and i needed one

it was a sports bar
and the tears she shed were mine
in goodbye moments

(i didn’t share them–
not then, not out on the street–
only in words. here.)

because i’ve been there.
we have all been there. mothers.
sisters. wives. children.

i should have seen it.
the comings, goings of days,
built on loss and fear.

her tears were my tears.
her daughters were my daughters.
we are all the same.

The Swirling Reality of Everyday Life

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I watch the white world spin outside the third story window. Flakes, long absent, now twirl in a late winter dance, clinging to bare branches, reaching for a new hope.

I catch glimpses of the video–an analytical description of the autonomic nervous system. It is both too much and too little for me right now. The primitiveness of the hunt, the threat that is ever-present in our lives, has put me on this graph at full activation–State 1–always ready to react.

I want to be outside. To feel the flakes on my face. To bite the cold with shivering teeth. To pretend that winter will stay.

I want to be those bare branches, gathering snow in my arms, soaking up every last bit of moisture after too many days of drought.

The sky whitens as the swirls make their way across the city. The video provides a relatable example–how we react when we’re driving a car on a snowy evening and slide on a patch of ice. I giggle, minimally, and my co-worker turns her whole body towards me to be sure I see her how-dare-you? glare.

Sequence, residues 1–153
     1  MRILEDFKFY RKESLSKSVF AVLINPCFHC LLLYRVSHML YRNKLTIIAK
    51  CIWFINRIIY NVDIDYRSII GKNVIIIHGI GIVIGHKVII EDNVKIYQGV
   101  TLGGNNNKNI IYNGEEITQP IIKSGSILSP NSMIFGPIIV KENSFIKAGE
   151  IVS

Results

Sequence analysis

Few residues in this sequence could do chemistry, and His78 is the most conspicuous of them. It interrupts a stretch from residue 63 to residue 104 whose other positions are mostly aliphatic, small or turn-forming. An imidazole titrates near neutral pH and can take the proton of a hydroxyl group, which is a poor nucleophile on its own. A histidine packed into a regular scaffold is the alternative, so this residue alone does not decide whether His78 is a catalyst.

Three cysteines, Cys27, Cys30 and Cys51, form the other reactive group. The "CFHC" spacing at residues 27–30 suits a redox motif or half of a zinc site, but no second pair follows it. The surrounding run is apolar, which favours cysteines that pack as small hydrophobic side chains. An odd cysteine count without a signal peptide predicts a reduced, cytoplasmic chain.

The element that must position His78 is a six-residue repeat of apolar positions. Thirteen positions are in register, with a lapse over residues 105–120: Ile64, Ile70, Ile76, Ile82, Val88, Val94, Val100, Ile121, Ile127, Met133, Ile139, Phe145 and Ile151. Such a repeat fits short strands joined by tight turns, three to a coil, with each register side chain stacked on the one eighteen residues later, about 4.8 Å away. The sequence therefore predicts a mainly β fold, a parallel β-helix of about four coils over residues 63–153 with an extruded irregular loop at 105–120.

Does she not understand the irony? After a winter without snow, we’re watching a video with this particular example on a snowy afternoon?

Later, State 1 follows me as I rush out of the building, late to pick up my youngest. I find a parking spot half a block away and rush against the crowd of parents and children leaving the school. I stomp through the slushy parking lot and round the corner of the building as the first grade teachers close their doors. There she is, the final student standing in the cold, holding her hood around her eyes and huddling against the brick wall.

She asks for both of my gloves before we arrive at the car, blasts the heat, and turns on the heated seat, but she doesn’t complain. For once, she doesn’t complain, and I find myself breathing in, breathing out, like the wild animal described in the video, ready to let go.

But I can’t let go. It’s the drive on ice in swirling snow, the counting of thousands of cookie dollars when I get home, the friend over, the constant mess, the story told of the one day the older girls caught–and almost missed–two city buses, the trek across town to the bank, the grocery stop, the endlessness of the swirling snow and the swirling reality of everyday life.

Before I jolt across the parking lot that separates the bank from the grocery store, I hear the sirens. The sound of panic, the crashing of metal. The slipping on ice.

I grab the few frozen items I need off the shelves and make my way back into the snake of traffic. It twitches and slithers in the shadow of blinking red and blue lights. The accident, less than five minutes behind me, four cars splattered in pieces across the intersection, firefighters fighting the good fight.